- Did the Fed just bury the Shanghai Accord?
- Five reasons dollar weakness (and gold strength) is still in play
- Recessionary indicator: Frightful stats on freight traffic
- Hedge fund giant’s bet on a constipation treatment
- Nuclear war and a certain Nobel Peace Prize winner
To adapt a line from Mark Twain, reports of the “Shanghai Accord’s” death have been greatly exaggerated.
A quick recap: Jim Rickards believes the International Monetary Fund brokered a secret deal three months ago during G-20 meetings in Shanghai. The parties to this secret Shanghai Accord are the central banks of the globe’s top four economies — the Federal Reserve, European Central Bank, Bank of Japan and People’s Bank of China.
Under this deal, the ECB acts to strengthen the euro, the BoJ acts to strengthen the yen and the Federal Reserve acts to weaken the dollar. The PBOC doesn’t do anything; because the yuan is loosely pegged to the dollar, the yuan ends up devaluing — which China’s economic mandarins desperately need.
The objective is to weaken the yuan without the PBOC having to announce a devaluation — something that rocked the U.S. stock market last August and again last January.
Jim says the Shanghai Accord will have long-lasting impacts — at least a year, maybe two.
The mainstream doesn’t buy into the Shanghai Accord thesis, consigning it to the realm of conspiracy theory. And even people whose opinion we respect think the Shanghai Accord story has already played itself out — not least because the dollar weakness of March and April has reversed somewhat during May.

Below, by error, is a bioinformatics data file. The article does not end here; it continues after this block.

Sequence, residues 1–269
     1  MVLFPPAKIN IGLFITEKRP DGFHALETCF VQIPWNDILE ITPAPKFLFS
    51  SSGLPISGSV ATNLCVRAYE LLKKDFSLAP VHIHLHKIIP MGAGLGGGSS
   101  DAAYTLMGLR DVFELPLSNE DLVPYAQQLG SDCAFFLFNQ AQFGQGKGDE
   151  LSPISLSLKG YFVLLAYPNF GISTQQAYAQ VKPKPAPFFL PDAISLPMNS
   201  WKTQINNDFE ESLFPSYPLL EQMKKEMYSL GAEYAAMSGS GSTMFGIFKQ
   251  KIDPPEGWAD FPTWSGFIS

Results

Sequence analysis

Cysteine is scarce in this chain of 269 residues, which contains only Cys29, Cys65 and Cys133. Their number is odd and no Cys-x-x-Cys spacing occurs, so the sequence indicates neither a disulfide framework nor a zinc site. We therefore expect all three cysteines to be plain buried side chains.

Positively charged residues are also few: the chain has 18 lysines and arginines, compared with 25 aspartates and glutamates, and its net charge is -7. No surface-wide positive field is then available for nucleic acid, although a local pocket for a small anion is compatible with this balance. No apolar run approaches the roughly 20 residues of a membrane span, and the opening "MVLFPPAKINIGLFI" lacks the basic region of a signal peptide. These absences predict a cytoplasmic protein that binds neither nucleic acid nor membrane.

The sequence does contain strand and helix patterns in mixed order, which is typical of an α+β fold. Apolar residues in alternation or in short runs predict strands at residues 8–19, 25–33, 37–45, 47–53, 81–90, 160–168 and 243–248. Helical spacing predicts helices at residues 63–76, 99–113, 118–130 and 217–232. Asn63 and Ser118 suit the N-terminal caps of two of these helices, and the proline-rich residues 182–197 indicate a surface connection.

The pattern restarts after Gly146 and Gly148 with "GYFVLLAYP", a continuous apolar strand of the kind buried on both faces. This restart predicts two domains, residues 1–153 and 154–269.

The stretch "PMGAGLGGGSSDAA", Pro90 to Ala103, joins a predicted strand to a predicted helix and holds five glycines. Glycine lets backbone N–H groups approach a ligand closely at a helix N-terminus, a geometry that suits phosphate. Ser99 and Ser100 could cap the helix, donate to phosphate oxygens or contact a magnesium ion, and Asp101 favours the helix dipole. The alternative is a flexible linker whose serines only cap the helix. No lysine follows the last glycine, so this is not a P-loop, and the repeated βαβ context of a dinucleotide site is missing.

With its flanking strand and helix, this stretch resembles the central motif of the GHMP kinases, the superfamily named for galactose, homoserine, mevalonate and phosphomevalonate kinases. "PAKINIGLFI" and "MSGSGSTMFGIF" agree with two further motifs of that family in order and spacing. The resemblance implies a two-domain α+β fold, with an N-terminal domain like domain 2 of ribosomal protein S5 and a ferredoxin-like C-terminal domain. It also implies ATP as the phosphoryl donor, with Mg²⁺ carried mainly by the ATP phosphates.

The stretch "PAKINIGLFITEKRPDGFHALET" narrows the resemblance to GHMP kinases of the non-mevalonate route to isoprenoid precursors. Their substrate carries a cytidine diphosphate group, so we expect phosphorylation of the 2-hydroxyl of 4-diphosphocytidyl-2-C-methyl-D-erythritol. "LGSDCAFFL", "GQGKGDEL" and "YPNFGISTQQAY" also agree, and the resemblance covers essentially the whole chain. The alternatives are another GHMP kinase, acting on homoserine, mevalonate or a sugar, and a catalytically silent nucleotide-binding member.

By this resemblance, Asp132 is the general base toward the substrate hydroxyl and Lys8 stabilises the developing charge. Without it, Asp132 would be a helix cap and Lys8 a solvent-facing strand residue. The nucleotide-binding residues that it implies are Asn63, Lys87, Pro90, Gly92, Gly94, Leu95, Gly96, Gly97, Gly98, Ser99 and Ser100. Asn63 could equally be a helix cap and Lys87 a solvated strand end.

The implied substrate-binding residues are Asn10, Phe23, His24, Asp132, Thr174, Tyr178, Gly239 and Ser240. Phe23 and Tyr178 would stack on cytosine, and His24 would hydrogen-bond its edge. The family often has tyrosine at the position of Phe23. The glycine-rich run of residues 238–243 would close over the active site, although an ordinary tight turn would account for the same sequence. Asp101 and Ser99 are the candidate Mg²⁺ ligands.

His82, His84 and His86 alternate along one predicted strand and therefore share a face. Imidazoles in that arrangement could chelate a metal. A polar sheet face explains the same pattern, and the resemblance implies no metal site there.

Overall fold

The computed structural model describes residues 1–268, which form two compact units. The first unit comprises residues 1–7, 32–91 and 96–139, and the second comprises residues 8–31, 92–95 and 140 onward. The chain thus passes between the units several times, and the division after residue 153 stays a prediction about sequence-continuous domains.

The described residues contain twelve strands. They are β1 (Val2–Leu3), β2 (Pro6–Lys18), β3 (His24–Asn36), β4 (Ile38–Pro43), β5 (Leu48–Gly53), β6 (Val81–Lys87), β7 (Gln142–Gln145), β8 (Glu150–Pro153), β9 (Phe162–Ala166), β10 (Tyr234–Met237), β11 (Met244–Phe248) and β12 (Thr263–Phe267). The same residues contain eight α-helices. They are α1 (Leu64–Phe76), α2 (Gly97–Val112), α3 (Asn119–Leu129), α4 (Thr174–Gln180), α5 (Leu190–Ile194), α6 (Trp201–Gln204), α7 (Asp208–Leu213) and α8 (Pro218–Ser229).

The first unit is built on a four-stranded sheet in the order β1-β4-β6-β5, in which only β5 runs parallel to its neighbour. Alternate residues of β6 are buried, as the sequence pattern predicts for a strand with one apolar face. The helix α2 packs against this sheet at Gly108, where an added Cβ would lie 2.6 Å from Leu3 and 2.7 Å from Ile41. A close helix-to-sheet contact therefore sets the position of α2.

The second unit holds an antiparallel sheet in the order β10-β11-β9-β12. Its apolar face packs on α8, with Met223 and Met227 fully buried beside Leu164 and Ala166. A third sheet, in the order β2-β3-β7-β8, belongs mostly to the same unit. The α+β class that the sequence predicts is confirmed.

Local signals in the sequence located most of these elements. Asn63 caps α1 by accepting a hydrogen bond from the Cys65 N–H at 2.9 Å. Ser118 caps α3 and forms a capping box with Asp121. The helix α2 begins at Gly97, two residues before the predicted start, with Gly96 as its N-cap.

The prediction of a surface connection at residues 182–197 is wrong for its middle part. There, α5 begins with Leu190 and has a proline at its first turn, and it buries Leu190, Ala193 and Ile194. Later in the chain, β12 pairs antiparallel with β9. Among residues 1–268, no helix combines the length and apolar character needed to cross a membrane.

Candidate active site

With the release of the “Fed minutes” yesterday afternoon, Jim’s looking increasingly lonesome.
“Fed to Markets: June Rate Increase Is on the Table,” screams the front page of today’s Wall Street Journal.
After we went to virtual press yesterday, the Fed released the minutes of its April meeting. “Until a few days ago,” says the Journal, “traders in futures markets saw almost no possibility the Fed would move short-term interest rates up at midyear. However, a batch of strong economic data, recent comments by Fed officials and a new release by the central bank on the deliberations at its last policy meeting have changed that perception.”
Stock traders didn’t know how to react; the Dow tumbled nearly 200 points before ending the day flat. But holders of Treasuries and gold both hit the “sell” button, figuring more dollar strength is a sure thing. Relative to other major currencies, the dollar is now its strongest since late March.
So… If there’s a case to be made that the Shanghai Accord remains alive and well, what is it?
For starters — and at the risk of repeating ourselves — Fed “minutes” aren’t like the minutes of your local city council meeting. They’re not an objective record of who said what. They’re a carefully crafted statement designed to telegraph a message.
That is, the Fed made a conscious decision to put a “hawkish” spin on the minutes yesterday. Key paragraph: “Most participants judged that if incoming data were consistent with the economic growth picking up in the second quarter, labor market conditions continuing to strengthen and inflation making progress toward the Committee’s 2% objective, then it likely would be appropriate for the Committee to increase the target range for the federal funds rate in June.”
Which brings us to the all-important “if” factor the mainstream is so eager to overlook. The Fed will raise rates if there are continued signs of renewed life in the economy.
That’s a questionable proposition. This morning, we got another indicator of how the economy’s faring so far during May. The “Philly Fed” survey is back in negative territory. That’s two straight months that the mid-Atlantic factory sector has been shrinking — and eight of the last nine months.
Progress toward the Fed’s 2% inflation target? As we’ve pointed out in recent weeks, inflation is cooling off after racing higher last fall and winter.
But enough of our jabber: Let’s hear from Jim himself.